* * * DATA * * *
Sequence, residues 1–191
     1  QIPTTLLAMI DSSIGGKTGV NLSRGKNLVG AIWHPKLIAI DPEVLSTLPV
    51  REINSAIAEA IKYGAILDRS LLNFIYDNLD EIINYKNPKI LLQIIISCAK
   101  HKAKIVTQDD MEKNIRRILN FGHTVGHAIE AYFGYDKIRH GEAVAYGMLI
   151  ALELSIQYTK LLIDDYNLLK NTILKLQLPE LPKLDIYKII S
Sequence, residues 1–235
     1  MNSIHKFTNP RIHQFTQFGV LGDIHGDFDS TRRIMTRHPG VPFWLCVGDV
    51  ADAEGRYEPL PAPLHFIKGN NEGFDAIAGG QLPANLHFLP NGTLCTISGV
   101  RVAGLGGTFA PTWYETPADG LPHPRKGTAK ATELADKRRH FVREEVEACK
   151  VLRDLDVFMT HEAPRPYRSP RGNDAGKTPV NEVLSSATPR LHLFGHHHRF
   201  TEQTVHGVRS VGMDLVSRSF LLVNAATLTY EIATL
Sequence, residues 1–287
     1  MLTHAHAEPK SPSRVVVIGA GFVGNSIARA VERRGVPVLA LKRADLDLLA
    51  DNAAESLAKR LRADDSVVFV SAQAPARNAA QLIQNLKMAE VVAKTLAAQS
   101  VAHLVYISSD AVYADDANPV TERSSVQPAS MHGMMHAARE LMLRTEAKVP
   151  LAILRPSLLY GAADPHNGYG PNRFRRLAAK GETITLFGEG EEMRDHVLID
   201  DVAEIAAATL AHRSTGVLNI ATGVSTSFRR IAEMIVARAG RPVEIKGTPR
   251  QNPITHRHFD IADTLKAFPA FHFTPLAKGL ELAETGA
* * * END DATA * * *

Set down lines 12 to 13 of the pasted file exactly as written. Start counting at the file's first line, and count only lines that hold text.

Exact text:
Sequence, residues 1–287
     1  MLTHAHAEPK SPSRVVVIGA GFVGNSIARA VERRGVPVLA LKRADLDLLA